We need safe harbors of hope.
Places where we can leave on daily adventures, to take on the world, conquer new lands, defeat the enemies of wrong, and be numbered with true and just. Returning to our safe harbor of hope, we can tell of our triumphs (with only a little exaggeration) while licking our wounds (with great exaggeration.)
Like many people, our house was our safe harbor, One day my mom asked where I was going. With unlimited excitement, I explained my great plan to build a skateboard from a 2-by-4 piece of lumber and an old pair of skates. Not wanting to stifle my creativity, she said it was fine but to “be careful and don’t hurt yourself.”
With that advice tucked away somewhere in the back of my brain, I descended into the mysterious cave known as “the basement.” I entered my dad’s spotless workroom, which was sufficiently sanitary to saw wood or perform open-heart surgery. Assembling the resources to build my engineering masterpiece, I was confident that it would make me the envy of Carney, MD.
After several hours and numerous mistakes, I ascended from the basement full of self-satisfaction and confidence. I bore all the marks of great men and women who achieve great things; sweat on my forehead, grease, and Chinese Red paint on my hands, pants, shirt, face, and shoes.
Taking my newly minted skateboard, I ran up the street to where the sidewalk started. I confidently dropped the skateboard onto the concrete while giving a quick gaze and nod to all my adoring fans (my neighbor’s dog burped and scratched himself in recognition.) I jumped on the skateboard and began my ride into history.
WARNING: What you are about to read is dangerous. It should not be attempted without adequate education, expert advice, training, practice, or protective gear (helmet, goggles, shoulder pads, arm pads, elbow protectors, wrist guards, gloves, ankle supports, knee pads, and athletic supporter.) This is not for the faint of heart, uninformed, or novice. This historical account was originally performed by someone who had absolutely no earthly idea what he was doing nor the potential consequences or harm to his body or psyche.
As I began to pick up speed, the adrenalin rush moved my excitement to worlds unknown. I heard the clickety click of the wheels as they rolled across the expansion joints in the sidewalk (take note to remember the expansion joints). I stretched out my arms as if to fly. I looked like Jack Dawson on the bow of the Titanic(1) yelling, “I’m the king of the world!” Little did I know that I was about to perform my own personal reenactment of the Titanic.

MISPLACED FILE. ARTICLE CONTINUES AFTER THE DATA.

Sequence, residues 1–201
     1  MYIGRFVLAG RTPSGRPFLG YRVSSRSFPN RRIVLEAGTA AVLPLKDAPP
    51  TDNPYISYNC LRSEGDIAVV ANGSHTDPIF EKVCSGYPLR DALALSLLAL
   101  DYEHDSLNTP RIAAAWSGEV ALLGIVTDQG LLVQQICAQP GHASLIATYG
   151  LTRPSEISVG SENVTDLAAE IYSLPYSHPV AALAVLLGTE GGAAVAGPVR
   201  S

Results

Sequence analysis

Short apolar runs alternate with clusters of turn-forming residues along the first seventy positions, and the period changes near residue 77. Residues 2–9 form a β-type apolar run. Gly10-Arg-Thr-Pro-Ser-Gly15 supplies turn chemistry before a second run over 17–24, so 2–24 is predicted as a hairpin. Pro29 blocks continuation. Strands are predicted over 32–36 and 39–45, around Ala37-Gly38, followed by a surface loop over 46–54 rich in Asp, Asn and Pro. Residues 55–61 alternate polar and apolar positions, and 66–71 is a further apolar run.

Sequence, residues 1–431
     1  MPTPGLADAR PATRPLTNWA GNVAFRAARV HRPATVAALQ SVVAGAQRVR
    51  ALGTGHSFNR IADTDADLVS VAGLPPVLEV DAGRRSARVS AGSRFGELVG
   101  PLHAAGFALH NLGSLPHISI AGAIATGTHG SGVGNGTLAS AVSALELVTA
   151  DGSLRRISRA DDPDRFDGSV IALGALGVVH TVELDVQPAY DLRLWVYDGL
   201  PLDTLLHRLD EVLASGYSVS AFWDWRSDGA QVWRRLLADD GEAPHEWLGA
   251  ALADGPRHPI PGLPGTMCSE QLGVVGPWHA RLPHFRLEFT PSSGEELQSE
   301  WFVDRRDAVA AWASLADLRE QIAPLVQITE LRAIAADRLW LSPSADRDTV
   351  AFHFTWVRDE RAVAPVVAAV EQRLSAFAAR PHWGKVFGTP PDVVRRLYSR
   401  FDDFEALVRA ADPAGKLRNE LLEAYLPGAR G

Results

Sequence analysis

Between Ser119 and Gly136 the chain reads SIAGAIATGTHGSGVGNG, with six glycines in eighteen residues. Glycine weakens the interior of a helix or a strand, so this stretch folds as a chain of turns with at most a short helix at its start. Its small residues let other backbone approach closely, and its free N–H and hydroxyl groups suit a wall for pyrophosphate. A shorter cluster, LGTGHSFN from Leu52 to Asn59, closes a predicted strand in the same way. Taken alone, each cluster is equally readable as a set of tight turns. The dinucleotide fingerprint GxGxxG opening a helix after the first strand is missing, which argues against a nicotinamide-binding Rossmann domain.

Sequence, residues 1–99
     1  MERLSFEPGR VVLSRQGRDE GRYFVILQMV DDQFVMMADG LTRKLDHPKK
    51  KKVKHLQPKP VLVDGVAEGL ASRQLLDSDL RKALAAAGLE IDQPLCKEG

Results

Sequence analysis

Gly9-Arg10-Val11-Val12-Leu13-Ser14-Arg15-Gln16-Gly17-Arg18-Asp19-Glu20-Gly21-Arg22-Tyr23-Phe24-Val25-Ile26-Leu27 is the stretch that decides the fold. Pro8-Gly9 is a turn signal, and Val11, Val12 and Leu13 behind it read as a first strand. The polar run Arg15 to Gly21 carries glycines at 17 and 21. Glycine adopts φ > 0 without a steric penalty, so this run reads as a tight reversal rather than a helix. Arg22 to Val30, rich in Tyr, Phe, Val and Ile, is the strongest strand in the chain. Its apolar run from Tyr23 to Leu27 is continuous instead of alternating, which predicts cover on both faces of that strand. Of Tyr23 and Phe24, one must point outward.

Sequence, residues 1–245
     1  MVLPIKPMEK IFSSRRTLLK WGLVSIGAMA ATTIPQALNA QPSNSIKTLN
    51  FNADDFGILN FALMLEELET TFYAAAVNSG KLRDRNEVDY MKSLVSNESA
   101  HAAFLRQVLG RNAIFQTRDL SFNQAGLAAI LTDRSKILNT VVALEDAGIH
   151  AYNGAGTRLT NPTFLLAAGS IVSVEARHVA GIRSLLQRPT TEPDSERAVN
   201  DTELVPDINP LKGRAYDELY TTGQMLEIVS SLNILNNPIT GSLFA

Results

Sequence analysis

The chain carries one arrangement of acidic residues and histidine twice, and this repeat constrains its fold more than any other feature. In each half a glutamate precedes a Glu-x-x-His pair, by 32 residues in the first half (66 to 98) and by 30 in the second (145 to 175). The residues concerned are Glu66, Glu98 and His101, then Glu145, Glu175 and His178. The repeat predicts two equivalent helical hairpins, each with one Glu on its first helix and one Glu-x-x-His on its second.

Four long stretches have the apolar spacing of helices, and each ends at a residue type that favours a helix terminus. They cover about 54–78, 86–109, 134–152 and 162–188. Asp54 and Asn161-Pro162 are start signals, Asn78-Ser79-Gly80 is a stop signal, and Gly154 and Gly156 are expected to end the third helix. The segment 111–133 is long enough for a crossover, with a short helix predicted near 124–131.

Remember those expansion joints in the sidewalk? The front wheels ran into one that created a small but important rise in the sidewalk. It was only a half-inch, but that made all the difference in the world. I was rolling forward at a rapid pace when the wheels (and attached skateboard) came to an abrupt halt, creating a test for the laws of physics. The laws passed with flying colors, I lost and just started flying.
The skateboard stopped dead while I did not. I performed an impromptu impersonation of Superman soaring over Gotham City. This was not a silent pantomime of the Man of Steel, this came with a bloodcurdling, earth-shattering, scream. Time does not permit me to adequately describe the emotions (fright and horror) followed by pain (scraped knees and assorted bruises and contusions) ending in tears, embarrassment, and permanent emotional scaring which I bear to this day.
My mom’s words of prophecy always seemed to come true, “Don’t do that Chet, you’ll hurt yourself.”
Yet, when I came screaming into the house, she did not remind me about the prophecy, laws of physics, or gravity. She did not quote from Newton’s Three Laws of Motion; how an object in motion stays in motion, how there is a reaction for every action, or the relationship between an object's mass, its acceleration, and applied force.
No, her response was more hopeful, practical, and relational. She carefully rolled up my pant legs, cleaned my self-inflicted wounds while refilling my hope tank, trying to comfort me. Applying a disinfectant and non-stick Band-Aids, she hugged me. When the tears subsided, she assured me that while it still hurt, everything was going to be OK. Wiping my eyes, I looked up into hers, there was an assurance that she knew what she was talking about. My hope restored, and my manhood repaired, I screwed up my courage and went back outside.
With all the pain, sorrow, and loss we’ve experienced, we need a safe harbor for hope. A place to leave from, a place to return to.
Where is your safe harbor of hope?